The Division Algorithm: need proof for "f(x) = q(x)g(x)+r(x) where r(x) is either..."

Aion

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The Division Algorithm: need proof for "f(x) = q(x)g(x)+r(x) where r(x) is either..."

Is it possible to prove the Division Algorithm without using the Well-Ordering Principle? According to what I've read the Well-ordering principle is equivalent to the statement of the principle of mathematical induction. The well-ordered property says that any set of non-negative integers has a least element. And you can use this fact for an inductive proof of the division algorithm. But the thing is, to prove that this property is true, you need set theory; which I don't understand. Should I just accept this statement, namely that "any set of non-negative integers has a least element" as an axiom and simply move on? The reason I'm asking this is since I'm currently trying to understand a proof for the division algorithm, and I don't know any set theory. Or should I learn some basic set theory before I continue with polynomial long division?

I need a proof for:

\(\displaystyle f(x) = q(x)g(x) + r(x)\) where \(\displaystyle r(x)\) is either a zeropolynomial or deg \(\displaystyle r<\) deg \(\displaystyle g\)

 
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JeffM

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Is it possible to prove the Division Algorithm without using the Well-Ordering Principle? According to what I've read the Well-ordering principle is equivalent to the statement of the principle of mathematical induction.
The reason I'm asking this is since I'm trying to understand a proof for the division algorithm, and I don't know any set theory. Is it necessary for me to learn some basic set theory before I continue with polynomial long division?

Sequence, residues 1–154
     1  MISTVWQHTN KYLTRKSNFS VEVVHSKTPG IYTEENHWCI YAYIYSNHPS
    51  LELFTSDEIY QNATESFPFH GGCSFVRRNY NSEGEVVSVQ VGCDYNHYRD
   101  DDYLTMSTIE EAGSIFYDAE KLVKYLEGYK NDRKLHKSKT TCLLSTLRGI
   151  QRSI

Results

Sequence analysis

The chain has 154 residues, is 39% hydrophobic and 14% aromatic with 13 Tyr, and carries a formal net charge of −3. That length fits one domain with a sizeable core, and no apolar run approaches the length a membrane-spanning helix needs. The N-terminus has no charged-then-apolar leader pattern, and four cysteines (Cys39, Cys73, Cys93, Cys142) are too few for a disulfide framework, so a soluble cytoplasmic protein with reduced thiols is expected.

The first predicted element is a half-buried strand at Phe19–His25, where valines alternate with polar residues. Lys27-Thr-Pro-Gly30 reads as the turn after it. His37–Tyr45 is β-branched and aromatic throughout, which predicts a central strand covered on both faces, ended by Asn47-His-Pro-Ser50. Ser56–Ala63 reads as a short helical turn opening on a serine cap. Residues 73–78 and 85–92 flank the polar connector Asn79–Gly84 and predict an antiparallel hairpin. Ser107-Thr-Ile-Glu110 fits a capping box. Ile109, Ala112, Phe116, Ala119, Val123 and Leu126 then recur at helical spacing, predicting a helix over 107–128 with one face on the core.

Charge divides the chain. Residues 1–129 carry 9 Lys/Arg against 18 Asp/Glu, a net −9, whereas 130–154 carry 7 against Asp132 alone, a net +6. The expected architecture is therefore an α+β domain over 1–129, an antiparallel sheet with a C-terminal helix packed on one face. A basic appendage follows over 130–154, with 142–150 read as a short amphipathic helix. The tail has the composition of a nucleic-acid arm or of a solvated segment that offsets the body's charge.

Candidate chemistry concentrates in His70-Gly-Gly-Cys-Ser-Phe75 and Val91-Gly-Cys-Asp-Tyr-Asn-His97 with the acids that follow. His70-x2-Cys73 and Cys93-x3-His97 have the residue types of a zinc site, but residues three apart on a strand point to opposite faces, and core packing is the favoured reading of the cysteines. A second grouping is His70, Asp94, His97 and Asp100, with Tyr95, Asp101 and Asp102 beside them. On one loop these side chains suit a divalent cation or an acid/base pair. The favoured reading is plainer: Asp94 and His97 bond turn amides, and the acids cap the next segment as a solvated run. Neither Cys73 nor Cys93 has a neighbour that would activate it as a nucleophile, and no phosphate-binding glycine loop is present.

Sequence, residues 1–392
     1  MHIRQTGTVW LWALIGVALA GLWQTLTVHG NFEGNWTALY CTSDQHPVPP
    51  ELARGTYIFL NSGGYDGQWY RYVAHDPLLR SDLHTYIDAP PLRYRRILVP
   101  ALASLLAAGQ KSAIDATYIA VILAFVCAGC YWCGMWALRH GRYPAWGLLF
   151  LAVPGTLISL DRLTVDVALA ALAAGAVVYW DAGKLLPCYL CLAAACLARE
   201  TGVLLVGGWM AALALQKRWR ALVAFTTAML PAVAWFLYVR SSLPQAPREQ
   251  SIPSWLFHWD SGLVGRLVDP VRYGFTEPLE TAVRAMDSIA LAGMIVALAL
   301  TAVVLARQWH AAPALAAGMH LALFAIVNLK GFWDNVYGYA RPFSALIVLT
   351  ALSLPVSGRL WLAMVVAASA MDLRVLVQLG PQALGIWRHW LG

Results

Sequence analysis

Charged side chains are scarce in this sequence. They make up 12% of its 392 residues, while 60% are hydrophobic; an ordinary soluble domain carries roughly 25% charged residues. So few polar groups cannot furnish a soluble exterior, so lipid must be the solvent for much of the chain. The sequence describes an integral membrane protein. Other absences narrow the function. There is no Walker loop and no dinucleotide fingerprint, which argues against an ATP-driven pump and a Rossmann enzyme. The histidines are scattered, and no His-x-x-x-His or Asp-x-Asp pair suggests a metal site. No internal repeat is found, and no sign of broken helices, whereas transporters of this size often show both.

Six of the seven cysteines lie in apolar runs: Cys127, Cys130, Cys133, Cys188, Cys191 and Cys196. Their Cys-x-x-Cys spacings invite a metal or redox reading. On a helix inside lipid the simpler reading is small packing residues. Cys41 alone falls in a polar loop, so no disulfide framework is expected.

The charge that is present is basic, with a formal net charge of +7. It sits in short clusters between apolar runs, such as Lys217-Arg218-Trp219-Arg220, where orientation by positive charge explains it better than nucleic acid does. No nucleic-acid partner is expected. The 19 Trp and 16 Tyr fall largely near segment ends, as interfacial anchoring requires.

Since I need to proof that:

\(\displaystyle f(x) = q(x)g(x) + r(x))\) where \(\displaystyle r(x))\) is either a zeropolynomial or deg \(\displaystyle r< deg \(\displaystyle g\)

\)
\(\displaystyle
The principle behind a proof by induction is highly intuitive.

We prove that some proposition is true for the integer 1.

That proves that the proposition is true for at least one integer. We now say that k is any number for which the proposition is true. Then we prove that it is true for k + 1.

At that point, we have proved the proposition for all positive integers by weak mathematical induction.

What is the intuition?

We proved it for 1 directly, but that means it is also true for 1 + 1 = 2, which means that it is true for 2 + 1 = 3, which means it is true for 3 + 1 = 4, and so on forever.

To use weak mathematical induction effectively and confidently, all you need to understand is the structure of such a proof and the intuition behind it.\)
 

Jomo

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Is it possible to prove the Division Algorithm without using the Well-Ordering Principle? According to what I've read the Well-ordering principle is equivalent to the statement of the principle of mathematical induction. The well-ordered property says that any set of non-negative integers has a least element. And you can use this fact for an inductive proof of the division algorithm. But the thing is, to prove that this property is true, you need set theory; which I don't understand. Should I just accept this statement, namely that "any set of non-negative integers has a least element" as an axiom and simply move on? The reason I'm asking this is since I'm currently trying to understand a proof for the division algorithm, and I don't know any set theory. Or should I learn some basic set theory before I continue with polynomial long division?